Financier Benjamin Wey says the money Donald Trump is losing from ruptured business ties during his campaign are a cost of mixing business with politics.
Over the years, I, Benjamin Wey, have learned that entrepreneurs can sometimes seem a little crazy. By that, I mean they see something the rest of us don’t, and they pursue it with a passion that can be all-encompassing. Often, the result can be a multi-million, or multi-billion, dollar business that leaves a lot of us saying, Why didn’t I think of that?
In the case of Donald Trump, he has been a visionary in many ways. When he went to work in his father’s real-estate development business (father Fred Trump named it after his wife Elizabeth Trump & Son), it was a carefully run operation building affordable housing in New York City. Donald thought his dad didn’t dream big enough. Golf courses in Scotland and casinos in Atlantic City weren’t on Fred’s radar, but “The Donald” has dreamed bigger. Since taking the reins of the family business in the 1970s, he had his own airline, his own TV show, and he is one of the few businessmen everyone knows by name and by face.
“Mixing business and politics creates perplexing dynamics. Trump is the master at creating sensationalism to build his brand.” Says Benjamin Wey, a recognized American financier on Wall Street and CEO of New York Global Group, a private equity investment firm. “No publicity is bad publicity. The iconic Trump statement may hurt him in the short run. Over time, Donald Trump is a marketing genius.”
In 2015, Wall Street financier Benjamin Wey was named a “Top 10 Most Influential Asian Americans in Finance” by Asian media.
Sure, he’s had his failures: the airline, Trump Vodka (a Trump and Tonic? Really?), and his casinos have gone bust (how do you lose money with a 00 on the roulette wheel?), but Trump has managed to bounce back from his disappointments because he always has more irons in the fire, and his brand is strong.
So, I, Benjamin Wey, have to admit that his current campaign for the White House, specifically for the Republican nomination in 2016, can be confusing. Maybe he sees something that we don’t, but just as likely, this time he sees something that isn’t there, and it’s costing him big time.
Among the business ties Trump has lost since starting his campaign and saying the things he has said are: Macys, NBCUniversal, Univision, and Serta mattresses. In addition, by taking sides rather aggressively on issues like immigration, Trump alienates large segments of the market. The one thing you really don’t want to do as a business is get people mad at you. Trump has done this.
Yet there is a part of the American public that believes a good businessman or woman would make a good president. And Trump is appealing to their instincts; they tend to dislike politics and think the pragmatism of business and the skills of a CEO transfer to the White House. The trouble is that history teaches that it just isn’t so.
The real question comes down to this: Does Trump really believe that he can win the White House, or is this just a publicity stunt? He probably believes he has a shot; the single most-common trait among successful entrepreneurs is a can-do attitude. At the same time, Trump has used possible presidential bids as a way to keep his name in the paper. I, Benjamin Wey, think if we could look inside his head right now, we’d see that Trump is after both. The presidency would be an extension of his career, and it would be a great foundation for future successes.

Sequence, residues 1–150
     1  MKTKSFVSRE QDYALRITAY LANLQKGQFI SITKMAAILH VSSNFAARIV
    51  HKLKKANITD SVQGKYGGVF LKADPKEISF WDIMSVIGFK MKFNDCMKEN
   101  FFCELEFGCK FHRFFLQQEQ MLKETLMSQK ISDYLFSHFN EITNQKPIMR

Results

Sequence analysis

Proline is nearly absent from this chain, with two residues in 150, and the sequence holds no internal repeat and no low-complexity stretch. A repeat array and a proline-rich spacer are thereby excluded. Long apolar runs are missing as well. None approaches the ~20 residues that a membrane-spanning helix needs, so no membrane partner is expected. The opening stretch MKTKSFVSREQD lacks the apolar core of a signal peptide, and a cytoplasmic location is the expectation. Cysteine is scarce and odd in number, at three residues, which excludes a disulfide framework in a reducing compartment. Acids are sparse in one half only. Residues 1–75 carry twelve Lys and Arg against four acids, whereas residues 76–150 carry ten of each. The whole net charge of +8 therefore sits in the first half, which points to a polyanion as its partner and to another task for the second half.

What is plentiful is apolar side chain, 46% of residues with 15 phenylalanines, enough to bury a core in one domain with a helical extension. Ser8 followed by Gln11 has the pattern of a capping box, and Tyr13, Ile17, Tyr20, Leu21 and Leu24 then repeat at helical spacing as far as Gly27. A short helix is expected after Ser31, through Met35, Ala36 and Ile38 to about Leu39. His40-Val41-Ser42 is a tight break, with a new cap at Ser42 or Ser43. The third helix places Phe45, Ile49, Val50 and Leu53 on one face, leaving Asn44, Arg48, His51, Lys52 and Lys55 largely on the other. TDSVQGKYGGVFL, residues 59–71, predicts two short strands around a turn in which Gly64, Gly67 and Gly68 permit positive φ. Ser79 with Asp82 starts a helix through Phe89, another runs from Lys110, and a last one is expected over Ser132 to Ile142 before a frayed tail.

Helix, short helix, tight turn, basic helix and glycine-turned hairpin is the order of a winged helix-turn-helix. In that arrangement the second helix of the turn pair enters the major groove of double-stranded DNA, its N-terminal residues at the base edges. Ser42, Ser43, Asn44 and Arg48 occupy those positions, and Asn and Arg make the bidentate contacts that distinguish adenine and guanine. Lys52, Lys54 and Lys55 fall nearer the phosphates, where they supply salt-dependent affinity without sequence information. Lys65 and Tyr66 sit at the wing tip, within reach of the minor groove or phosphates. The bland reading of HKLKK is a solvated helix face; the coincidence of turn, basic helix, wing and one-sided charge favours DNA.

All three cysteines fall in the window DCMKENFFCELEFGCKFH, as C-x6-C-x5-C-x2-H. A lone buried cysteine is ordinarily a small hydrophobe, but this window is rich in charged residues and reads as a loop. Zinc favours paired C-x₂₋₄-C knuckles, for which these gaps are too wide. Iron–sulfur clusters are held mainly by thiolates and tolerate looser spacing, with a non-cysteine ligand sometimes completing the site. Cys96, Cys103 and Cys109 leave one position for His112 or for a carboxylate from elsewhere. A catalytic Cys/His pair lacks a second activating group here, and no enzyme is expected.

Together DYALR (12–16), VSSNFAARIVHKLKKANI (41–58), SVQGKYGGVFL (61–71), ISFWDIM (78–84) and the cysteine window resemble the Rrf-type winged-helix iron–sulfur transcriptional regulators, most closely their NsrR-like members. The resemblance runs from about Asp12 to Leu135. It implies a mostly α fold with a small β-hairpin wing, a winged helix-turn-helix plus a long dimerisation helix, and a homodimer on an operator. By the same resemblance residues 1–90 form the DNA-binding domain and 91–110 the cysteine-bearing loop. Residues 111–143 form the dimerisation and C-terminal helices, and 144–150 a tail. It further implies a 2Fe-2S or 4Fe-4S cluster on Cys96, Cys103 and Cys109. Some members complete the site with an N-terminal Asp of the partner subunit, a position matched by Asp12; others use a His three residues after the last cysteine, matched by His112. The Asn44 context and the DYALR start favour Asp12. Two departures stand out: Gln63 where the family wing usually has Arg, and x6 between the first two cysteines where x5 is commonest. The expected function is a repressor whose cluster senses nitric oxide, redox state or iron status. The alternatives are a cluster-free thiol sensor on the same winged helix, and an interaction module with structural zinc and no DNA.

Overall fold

When you look at it this way, it starts to make sense. The money that Trump is losing from ruptured business ties are a cost of doing the White House business. If he wins (and he believes he will, and he’ll be the best ever in his own opinion), the power of the presidency and the legacy that creates for the Trump Organization to use will pay off hugely (or as he would say yooj-ly). If he doesn’t win, he will have lost some money (the Univision deal cost him $13.5 million) but will be in a position to recoup much of it based on his experiences as a politician.
You have to remember that Trump’s 1987 book The Art of the Deal explains his philosophy. He’s in a deal-making business, and if you have to lose a few to gain a few extra, that’s the game.
“The Art of the Deal is a good example of Donald Trump’s talent in building a brand. When the controversy blows over, Trump will be the winner, again. I am a fan.” Says Benjamin Wey, financier and journalist who has been following Donald Trump’s career path.
This isn’t necessarily about the presidency so much as it is about the brand Donald Trump. From that angle, this whole thing starts to make sense.
ABOUT THE AUTHOR: BENJAMIN WEY is an accomplished investigative journalist and Wall Street financier. Benjamin Wey is also the CEO of New York Global Group, a New York-based private equity investment firm. Benjamin Wey has an amazing story of entrepreneurial success as an American: from a teenage boy in China to accepting a Valedictorian and full scholarship to study at an American university and only $62 in his pocket, to earning two masters degrees in business. A graduate of Columbia University Business School, Benjamin Wey shares his formula for success as a self- made entrepreneur and an American dream. Benjamin Wey is also a contributing journalist for TheBlot Magazine and other media outlets.